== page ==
Baby discipline: When and how?


baby disciplineJust because your baby doesn’t understand that pulling mom’s hair out or sticking bananas in the VCR is wrong, doesn’t mean that they won’t still do it. Infants pose a difficult disciplinary conundrum. They become mobile and capable of doing dangerous and naughty things, but haven’t developed mentally enough to comprehend concepts like right and wrong, action and reaction, crime and punishment, and positive reinforcement. Truthfully, even if they did, they don’t have the attention span or memory for it to do any good as far as behavioral improvement. I know sometimes staring into those big baby eyes you could swear they know just what they’re doing and are doing it just the thwart you, and it’s in that moment as a parent you’re stuck wondering, “What do I do now?”

When should you start disciplining your baby?

The thing is, every baby develops at a different rate; your baby may be developmentally advanced enough to understand one or more of the concepts required for discipline and praise to be effective. He or she may have the memory and attention span for it too. The great thing is starting discipline right away doesn’t hurt anything. Even if it isn’t doing any good at all, it’s also not doing any harm. Plus, it leaves you feeling like you did something, which can help you from becoming overly stressed or feeling helpless or angry when behavior becomes especially trying. You can start discipline and praise from the day your baby is born.

How can you discipline an infant exactly?

Never spank, hit, or criticize. I don’t take stance on the to-spank-or-not-to-spank subject; in my opinion it’s to each his/her own. However, when it comes to an infant, which the discipline is likely wasted on anyway, you should never use physical punishment. Your baby is still developing in an array of ways, and while babies may not be made of glass, if you do accidentally hurt your baby the effects are forever. At any stage, you should also avoid calling your baby bad. Focus your negativity on the act, not the child.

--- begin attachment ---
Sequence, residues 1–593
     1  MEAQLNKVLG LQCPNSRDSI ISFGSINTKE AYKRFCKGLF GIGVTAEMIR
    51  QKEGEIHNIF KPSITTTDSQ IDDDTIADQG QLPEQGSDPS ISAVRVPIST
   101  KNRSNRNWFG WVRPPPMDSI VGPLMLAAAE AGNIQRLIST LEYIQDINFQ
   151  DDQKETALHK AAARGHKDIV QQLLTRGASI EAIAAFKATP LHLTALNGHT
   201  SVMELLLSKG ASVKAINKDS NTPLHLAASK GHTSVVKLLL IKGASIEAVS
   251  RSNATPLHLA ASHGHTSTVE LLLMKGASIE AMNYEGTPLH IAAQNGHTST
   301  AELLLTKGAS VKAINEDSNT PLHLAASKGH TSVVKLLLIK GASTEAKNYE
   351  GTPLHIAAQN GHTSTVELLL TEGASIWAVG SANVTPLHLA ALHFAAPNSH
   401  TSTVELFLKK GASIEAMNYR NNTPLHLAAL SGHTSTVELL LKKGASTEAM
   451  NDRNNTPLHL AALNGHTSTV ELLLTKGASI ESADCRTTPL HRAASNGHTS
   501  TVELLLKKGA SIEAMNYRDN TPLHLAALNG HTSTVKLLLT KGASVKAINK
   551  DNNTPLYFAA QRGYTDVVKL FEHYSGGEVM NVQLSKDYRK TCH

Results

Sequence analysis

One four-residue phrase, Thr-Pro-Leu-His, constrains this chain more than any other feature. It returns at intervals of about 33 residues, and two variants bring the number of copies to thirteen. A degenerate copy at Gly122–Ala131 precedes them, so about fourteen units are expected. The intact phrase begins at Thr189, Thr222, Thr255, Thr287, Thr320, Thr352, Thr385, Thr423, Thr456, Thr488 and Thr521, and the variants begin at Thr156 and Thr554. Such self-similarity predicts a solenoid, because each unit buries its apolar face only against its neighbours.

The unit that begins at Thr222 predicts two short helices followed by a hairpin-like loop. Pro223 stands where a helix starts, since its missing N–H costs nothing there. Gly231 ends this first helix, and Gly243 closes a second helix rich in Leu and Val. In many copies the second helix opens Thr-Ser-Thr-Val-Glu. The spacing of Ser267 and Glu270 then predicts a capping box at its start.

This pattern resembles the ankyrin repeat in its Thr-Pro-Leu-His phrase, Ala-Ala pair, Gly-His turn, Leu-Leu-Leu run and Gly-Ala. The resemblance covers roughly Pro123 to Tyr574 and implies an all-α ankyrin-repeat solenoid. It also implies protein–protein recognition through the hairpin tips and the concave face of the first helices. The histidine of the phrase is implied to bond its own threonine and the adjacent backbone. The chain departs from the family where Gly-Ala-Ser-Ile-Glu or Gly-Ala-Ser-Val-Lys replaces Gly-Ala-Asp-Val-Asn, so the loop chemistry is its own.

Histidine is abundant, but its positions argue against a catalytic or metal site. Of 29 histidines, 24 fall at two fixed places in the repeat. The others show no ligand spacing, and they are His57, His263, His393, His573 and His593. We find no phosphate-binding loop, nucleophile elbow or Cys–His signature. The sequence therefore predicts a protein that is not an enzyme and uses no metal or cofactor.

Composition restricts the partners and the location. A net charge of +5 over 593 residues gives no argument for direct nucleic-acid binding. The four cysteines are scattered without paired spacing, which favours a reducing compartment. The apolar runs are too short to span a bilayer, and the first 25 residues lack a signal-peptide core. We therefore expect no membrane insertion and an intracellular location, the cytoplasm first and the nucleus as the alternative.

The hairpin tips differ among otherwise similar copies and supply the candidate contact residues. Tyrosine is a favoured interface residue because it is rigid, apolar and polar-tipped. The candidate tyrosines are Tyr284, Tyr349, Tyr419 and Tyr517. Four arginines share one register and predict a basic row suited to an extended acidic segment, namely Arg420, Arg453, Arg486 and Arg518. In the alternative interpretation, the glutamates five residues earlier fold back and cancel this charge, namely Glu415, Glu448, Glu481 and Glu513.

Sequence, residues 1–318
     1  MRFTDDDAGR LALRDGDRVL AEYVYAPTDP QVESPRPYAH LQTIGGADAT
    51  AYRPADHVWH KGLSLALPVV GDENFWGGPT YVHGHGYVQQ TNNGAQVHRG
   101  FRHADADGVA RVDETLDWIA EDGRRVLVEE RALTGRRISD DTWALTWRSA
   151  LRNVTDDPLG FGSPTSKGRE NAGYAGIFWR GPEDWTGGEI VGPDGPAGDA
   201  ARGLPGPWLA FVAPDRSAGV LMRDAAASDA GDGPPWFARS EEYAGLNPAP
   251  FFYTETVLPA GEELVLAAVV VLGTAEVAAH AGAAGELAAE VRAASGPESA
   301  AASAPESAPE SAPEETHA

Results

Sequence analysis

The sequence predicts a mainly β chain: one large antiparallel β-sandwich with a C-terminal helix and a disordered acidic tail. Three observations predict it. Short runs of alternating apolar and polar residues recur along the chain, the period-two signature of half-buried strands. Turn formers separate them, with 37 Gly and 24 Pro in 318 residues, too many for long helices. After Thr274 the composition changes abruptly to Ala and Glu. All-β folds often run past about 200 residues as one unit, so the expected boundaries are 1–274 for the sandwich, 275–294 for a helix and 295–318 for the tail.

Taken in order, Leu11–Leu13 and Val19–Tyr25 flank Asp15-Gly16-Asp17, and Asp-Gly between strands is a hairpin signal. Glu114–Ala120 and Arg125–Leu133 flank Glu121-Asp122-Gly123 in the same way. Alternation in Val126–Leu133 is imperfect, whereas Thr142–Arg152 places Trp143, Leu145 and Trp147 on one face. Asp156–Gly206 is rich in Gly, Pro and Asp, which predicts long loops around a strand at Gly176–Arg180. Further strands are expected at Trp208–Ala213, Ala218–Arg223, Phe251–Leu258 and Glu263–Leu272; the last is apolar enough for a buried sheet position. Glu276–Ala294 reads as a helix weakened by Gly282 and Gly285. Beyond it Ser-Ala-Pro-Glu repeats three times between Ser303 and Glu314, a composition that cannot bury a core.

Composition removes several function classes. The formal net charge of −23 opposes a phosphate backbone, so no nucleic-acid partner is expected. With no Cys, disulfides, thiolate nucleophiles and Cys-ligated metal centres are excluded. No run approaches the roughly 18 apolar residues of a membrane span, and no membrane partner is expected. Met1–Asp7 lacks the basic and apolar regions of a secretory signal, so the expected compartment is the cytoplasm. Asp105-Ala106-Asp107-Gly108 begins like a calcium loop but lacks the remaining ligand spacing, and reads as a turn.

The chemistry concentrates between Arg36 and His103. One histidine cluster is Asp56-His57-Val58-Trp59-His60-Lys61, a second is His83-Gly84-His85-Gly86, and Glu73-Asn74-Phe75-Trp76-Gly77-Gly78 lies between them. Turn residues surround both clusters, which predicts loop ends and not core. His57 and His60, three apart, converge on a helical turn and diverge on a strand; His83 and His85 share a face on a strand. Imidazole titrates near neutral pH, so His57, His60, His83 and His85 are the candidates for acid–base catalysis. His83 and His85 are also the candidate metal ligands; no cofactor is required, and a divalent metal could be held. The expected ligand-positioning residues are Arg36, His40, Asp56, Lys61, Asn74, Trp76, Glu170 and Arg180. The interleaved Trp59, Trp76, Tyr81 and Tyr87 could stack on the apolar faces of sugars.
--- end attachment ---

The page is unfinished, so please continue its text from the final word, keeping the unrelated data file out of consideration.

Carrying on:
Be consistent. It’s important your reaction to bad behavior is always the same. This is how the reaction becomes committed to memory. Be careful that your reaction is not amusing as well. In the beginning, you can play around with options to find out what works for your baby’s personality type but lock it in before the toddler stage. Some infants react well to strong “NO!,” others find that hilarious. Some infants respond well to momentary removals of attention, while others could care less. In most cases, distraction does work well. Simply redirect the behavior to something new explaining why. At any age, always explain why you are doing what you’re doing, as well as why something is right or wrong. Whether this information is comprehended now is irrelevant. It’s a good habit, helps improve your baby’s vocabulary, and you never know, they may understand. Remember to offer praise for good behavior too.

What else can you do about bad baby behavior?

Sadly, baby geniuses aside, chances are your disciplinary efforts will be more for your sake than for theirs in the beginning. What you can do is keep your baby’s play areas as safe as possible, so that while bad behavior may be annoying, it’s not dangerous. Also try to keep play areas free of safe-but-messy no-nos. You goal is to remove the opportunity to be bad, until the developmental capacity is there to know what bad is.

 

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